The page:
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Drag kings are mostly female performance artists who dress in masculine drag and personify male gender stereotypes as part of an individual or group routine. They are often lesbian, bisexual, transgender, genderqueer, or otherwise part of the LGBT community. They may also be straight. A typical drag show may incorporate dancing, acting, stand-up comedy, and singing, either live or lip-synching to pre-recorded tracks. Drag kings often perform as exaggeratedly macho male characters, portray marginalized masculinities such as construction workers, rappers, or they will impersonate male celebrities like Elvis Presley, Michael Jackson, and Tim McGraw.
In the late 1800s and early 1900s, several drag kings became British music hall stars, and British pantomime has preserved the tradition of women performing in male roles. Starting in the mid-1990s, drag kings started to gain some of the fame and attention that drag queens have known.
While the term drag king was first cited in print in 1972, there is a longer history of female performers dressing in male attire. In theatre and opera there was a tradition of breeches roles and en travesti. Actress and playwright Susanna Centlivre appeared in breeches roles around 1700. The first popular male impersonator in U.S. theater was Annie Hindle, who started performing in New York in 1867; in 1886 she married her dresser, Annie Ryan. British music hall performer Vesta Tilley was active in the late 19th and early 20th centuries as a male impersonator. Other male impersonators on the British stage were Ella Shields and Hetty King. Blues singer Gladys Bentley performed in male attire in New York, Los Angeles and San Francisco from the 1920s through 1940s. Stormé DeLarverie performed in male drag along with female impersonators at the Jewel Box Revue in the 1950s and 1960s, as documented in the film Storme: The Lady of the Jewel Box; DeLarverie was also a veteran of the Stonewall riots.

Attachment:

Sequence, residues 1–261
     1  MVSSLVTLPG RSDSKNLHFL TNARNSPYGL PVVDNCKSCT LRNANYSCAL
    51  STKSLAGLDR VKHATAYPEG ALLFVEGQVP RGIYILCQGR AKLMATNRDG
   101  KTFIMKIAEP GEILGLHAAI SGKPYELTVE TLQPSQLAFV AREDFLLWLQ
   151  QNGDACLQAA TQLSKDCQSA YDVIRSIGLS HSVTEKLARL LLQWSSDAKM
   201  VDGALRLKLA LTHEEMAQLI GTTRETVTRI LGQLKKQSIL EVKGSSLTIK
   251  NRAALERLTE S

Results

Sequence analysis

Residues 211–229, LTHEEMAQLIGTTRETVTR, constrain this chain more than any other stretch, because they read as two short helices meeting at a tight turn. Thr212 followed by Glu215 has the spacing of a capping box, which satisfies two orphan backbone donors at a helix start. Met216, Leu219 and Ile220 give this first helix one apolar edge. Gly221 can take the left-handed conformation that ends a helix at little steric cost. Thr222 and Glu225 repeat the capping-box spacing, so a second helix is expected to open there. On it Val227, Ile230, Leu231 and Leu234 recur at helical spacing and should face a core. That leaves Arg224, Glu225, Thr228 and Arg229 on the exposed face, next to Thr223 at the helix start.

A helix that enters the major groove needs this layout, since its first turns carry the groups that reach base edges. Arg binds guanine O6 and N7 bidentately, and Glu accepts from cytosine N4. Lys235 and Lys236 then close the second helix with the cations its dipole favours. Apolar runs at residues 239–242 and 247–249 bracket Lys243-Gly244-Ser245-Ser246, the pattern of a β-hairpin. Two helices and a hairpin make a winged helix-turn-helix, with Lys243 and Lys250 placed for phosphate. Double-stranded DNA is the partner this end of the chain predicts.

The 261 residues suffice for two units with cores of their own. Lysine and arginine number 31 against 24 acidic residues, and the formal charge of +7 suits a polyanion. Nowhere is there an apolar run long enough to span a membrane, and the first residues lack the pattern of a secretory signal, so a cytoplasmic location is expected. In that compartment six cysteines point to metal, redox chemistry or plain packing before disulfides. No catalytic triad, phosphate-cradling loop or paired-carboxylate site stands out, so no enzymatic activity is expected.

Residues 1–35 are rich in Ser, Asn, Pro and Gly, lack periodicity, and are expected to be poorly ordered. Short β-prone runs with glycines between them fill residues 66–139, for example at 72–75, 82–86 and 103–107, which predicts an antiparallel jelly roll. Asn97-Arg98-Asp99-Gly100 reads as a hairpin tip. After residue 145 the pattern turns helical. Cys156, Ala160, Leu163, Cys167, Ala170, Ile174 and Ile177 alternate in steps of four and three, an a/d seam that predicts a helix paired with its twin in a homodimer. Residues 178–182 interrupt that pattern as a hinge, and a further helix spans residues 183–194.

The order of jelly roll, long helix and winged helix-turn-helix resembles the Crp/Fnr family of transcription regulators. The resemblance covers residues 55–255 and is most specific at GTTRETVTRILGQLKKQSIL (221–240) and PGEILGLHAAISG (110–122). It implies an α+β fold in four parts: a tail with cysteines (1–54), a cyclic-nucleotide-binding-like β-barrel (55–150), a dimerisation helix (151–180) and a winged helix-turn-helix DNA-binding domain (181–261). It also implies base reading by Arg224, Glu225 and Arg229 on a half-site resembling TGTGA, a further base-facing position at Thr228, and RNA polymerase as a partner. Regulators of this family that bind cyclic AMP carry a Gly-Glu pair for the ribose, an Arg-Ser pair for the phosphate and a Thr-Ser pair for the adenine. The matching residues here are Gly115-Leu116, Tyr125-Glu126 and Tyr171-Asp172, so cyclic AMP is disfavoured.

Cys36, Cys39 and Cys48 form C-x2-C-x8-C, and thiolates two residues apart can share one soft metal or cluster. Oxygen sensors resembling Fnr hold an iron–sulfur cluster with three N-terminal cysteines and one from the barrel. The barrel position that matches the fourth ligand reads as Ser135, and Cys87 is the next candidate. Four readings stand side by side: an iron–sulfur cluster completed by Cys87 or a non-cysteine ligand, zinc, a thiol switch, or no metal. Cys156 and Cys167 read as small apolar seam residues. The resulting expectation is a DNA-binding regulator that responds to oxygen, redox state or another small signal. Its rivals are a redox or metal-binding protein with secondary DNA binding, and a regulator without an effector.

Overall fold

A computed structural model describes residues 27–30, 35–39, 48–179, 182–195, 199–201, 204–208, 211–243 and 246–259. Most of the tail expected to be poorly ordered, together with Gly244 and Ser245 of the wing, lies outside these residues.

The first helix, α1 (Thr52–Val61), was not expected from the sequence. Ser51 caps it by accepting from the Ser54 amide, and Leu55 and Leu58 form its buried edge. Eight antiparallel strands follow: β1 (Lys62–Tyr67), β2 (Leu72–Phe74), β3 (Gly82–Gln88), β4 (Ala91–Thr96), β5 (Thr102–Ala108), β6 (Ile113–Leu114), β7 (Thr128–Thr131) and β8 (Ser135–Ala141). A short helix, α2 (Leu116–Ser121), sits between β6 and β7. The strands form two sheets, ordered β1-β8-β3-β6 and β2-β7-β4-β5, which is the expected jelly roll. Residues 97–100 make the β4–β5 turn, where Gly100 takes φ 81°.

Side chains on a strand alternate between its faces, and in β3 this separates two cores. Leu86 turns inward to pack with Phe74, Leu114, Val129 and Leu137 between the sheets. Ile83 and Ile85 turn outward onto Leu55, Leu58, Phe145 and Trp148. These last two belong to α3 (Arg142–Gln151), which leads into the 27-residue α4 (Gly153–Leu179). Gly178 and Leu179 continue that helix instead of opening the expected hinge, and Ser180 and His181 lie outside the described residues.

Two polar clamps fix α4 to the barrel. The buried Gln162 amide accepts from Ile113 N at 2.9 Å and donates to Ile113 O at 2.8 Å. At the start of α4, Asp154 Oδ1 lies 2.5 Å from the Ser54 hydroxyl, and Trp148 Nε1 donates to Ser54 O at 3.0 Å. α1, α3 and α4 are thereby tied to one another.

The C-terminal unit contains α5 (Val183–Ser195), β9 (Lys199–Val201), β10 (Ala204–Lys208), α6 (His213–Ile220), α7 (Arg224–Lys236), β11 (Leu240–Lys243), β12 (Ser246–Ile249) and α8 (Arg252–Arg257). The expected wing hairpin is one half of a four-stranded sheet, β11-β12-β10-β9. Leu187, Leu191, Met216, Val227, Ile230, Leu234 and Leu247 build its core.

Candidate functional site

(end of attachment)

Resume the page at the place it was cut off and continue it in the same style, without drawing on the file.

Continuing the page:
The term drag king is sometimes used in a broader sense, to include female-bodied people who dress in traditionally masculine clothing for other reasons. This usage includes women temporarily attempting to pass as men and women who wish to present themselves in a masculine gender role without identifying as a man. Diane Torr began leading Drag King Workshops in 1989 that offer women a lesson in passing as men. Torr was featured in the 2002 film on drag kings Venus Boyz.
A British lesbian cabaret organization called Lesburlesque made it part of their mission to promote drag kings on the wider British cabaret circuit. Their founder Pixie Truffle gave an interview to the Guardian newspaper in the United Kingdom on her desire for drag kings to close the gap with queens and with male stand-up comedians.
Similar to some drag queens who prefer to be seen as actors—like Justin Bond and Lypsinka—some drag kings prefer not to be pigeon-holed by the drag king label. "I think when people assume that somebody is queer, or different, or trans, they always want to put something before their name," said Murray Hill in an interview. "And that is what drag king has been. Why can not you just call me a comedian like Jerry Seinfeld is called a comedian?"[better source needed]
In recent years, some drag king performers have adopted other terms to describe their own performance styles, particularly if they deviate from the more traditional forms of "kinging". Common names include "gender blurring" acknowledge[clarification needed] the merging of both male and female traits in the performances while Vancouver performer Rose Butch adopted the ambiguous label "drag thing". Long-time performer Flare called the stage of drag king styles that emerged in Toronto's scene in the mid-2010s as "unicorn drag".
|Wikinews has related news: Murray Hill on the life and versatility of a New York drag king|